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Cops: Josh Rubin was in money trouble

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Murdered Ditmas Park cafe owner Josh Rubin may have been moonlighting as a drug dealer — and might have even known his killer.

So say authorities here and in the Keystone State who continue to disagree on where exactly the well-liked businessman was fatally shot before being set on fire and dumped off a remote Pennsylvania road less than a day after leaving his Kensington home on Halloween.

Neither the NYPD nor the South Whitehall Police Department can say where Rubin was killed or why it took investigators nearly two months to identify his charred remains, even though he was found less than two hours from Brooklyn. Rubin was last seen leaving his apartment on Lawrence Avenue on Oct. 31 around 9 pm.

The NYPD says the investigation belongs in Lehigh County, Pa. but Keystone cops refute that.

“The speculation is that the homicide occurred somewhere else and the body was dumped here,” said David Gross, a spokesman for the South Whitehall Police Department.

But the NYPD disagrees.

“His body was found in Pennsylvania, that’s where the investigation is right now,” said an NYPD spokesman.

A separate NYPD source, a high-ranking official who requested anonymity, said his department believes that Rubin might have been familiar with his assassin.

“It looks like [the killer] was definitely somebody that knew him,” said the official. “He was trying to get money and may have been involved with [the wrong crowd] to make a couple of bucks.”

Rubin, whose first rent payment on his struggling Whisk Bakery Café was due on the same day that his body was found in an apple orchard in southeastern Pennsylvania — was trying to unload large amounts of marijuana on friends, according to the New York Post, which also reported that Rubin owed $14,000 to creditors and that his credit card was used at a New York mall the day after his body was found.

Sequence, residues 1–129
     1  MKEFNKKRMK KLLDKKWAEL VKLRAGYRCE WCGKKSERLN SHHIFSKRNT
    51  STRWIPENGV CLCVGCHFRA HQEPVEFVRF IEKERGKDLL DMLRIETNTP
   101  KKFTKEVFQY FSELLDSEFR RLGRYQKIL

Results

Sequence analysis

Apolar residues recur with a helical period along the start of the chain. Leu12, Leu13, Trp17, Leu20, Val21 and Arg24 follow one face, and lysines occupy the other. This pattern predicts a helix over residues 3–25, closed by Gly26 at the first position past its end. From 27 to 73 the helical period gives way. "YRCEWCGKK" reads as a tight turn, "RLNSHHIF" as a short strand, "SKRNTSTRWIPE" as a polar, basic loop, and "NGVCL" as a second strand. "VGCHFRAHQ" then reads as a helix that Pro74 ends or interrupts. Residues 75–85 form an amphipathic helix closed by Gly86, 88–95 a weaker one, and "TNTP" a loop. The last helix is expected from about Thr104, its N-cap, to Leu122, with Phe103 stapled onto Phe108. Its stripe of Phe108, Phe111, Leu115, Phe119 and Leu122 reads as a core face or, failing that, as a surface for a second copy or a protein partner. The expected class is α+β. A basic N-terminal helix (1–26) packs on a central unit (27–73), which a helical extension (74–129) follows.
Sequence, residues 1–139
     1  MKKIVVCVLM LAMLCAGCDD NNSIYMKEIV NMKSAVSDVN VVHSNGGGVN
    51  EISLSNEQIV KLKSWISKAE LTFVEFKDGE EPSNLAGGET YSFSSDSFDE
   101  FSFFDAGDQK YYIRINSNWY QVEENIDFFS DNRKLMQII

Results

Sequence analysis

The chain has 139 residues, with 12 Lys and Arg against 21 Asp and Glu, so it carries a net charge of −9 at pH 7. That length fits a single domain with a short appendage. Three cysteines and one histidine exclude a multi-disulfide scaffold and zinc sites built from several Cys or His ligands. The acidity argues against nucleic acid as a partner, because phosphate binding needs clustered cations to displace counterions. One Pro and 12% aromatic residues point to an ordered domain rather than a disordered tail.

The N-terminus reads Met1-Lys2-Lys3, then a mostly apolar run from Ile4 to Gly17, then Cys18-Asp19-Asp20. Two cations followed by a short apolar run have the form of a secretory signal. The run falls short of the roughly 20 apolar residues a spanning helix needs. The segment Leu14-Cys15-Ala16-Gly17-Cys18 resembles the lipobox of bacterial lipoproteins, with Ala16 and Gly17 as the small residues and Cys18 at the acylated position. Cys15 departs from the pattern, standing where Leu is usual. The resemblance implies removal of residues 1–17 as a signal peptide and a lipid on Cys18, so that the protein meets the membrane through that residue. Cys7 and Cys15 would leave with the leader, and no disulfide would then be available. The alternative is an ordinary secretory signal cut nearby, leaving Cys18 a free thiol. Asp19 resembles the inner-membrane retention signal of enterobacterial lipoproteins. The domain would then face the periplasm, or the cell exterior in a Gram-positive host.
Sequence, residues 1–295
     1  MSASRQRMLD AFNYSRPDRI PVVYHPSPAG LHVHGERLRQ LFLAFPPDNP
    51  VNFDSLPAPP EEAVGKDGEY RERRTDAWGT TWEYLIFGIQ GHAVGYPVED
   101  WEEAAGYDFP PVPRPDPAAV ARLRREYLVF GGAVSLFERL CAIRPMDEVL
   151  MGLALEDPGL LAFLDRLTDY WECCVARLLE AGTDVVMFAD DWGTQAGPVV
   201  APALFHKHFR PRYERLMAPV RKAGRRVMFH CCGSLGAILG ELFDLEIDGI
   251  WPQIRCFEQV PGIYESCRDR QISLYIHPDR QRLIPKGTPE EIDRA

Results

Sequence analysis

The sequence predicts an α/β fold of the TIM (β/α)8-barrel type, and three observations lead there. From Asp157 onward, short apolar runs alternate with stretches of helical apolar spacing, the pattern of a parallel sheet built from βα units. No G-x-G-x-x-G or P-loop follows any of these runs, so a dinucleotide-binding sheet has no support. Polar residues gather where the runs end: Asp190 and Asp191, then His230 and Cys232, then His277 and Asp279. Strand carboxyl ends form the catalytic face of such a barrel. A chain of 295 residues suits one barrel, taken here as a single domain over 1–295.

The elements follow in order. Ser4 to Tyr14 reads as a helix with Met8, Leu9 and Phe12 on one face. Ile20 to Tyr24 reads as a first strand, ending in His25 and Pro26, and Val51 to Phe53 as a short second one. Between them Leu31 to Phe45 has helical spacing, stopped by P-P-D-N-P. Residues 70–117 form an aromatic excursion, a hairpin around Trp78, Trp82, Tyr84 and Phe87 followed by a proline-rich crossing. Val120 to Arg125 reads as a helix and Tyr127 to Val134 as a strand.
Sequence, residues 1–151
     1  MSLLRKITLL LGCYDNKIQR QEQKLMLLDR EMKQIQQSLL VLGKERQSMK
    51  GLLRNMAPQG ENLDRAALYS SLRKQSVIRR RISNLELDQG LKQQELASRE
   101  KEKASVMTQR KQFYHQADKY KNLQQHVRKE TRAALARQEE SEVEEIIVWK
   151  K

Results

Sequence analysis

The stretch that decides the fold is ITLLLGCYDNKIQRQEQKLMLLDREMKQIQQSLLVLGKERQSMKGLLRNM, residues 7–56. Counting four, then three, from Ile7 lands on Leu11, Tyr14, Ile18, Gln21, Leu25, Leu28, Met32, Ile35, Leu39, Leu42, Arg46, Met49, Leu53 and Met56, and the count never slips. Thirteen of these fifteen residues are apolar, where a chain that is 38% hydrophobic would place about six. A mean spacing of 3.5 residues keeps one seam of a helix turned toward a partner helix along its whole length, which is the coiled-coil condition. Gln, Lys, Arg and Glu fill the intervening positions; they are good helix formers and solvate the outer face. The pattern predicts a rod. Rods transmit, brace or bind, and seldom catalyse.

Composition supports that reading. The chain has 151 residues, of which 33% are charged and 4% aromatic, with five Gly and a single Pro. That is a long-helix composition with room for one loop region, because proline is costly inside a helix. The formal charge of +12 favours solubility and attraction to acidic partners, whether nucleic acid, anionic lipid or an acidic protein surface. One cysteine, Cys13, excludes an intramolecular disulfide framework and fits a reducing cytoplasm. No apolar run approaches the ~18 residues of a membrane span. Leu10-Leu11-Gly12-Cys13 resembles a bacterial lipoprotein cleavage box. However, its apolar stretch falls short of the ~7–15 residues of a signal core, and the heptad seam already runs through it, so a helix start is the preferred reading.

Lehigh County District Attorney James Martin said Rubin was in debt, but disputed the $20,000 figure coined last week by the New York Times.

“That’s a mistake,” he said. “He owed some rent to his landlord, I believe for the cafe [but] I don’t know exactly what that amount was.”

Pennsylvanian authorities found Rubin within the 48-hour window that investigators say is crucial to solving a crime, but were unable to make a positive identification until a DNA match was made last week. Several police sketches on what Rubin could have looked like before he was burned were distributed in the hope that someone would recognize him, but no one did.

Rubin, who hailed from Rhode Island, was recalled as being jittery in the hours before he vanished, according to regulars who saw him outside his cafe chain-smoking and talking on the phone.

“I saw him that evening looking very upset,” said a resident of the co-op above the cafe, who would only identify herself as Eileen. “He couldn’t even talk to me.”

Rubin, whose disappearance fueled a massive search effort, also tried to sublet his apartment in the days before he went missing, said Zach Boyce, who was going to rent Rubin’s room.

Residents set up an altar of candles and flowers outside the Whisk Cafe on Thursday to remember Rubin.

“He had a really great smile and created a wonderful cafe,” said Elsa Alverio, who stopped by the memorial. “I just don’t see how someone like this would be murdered.”

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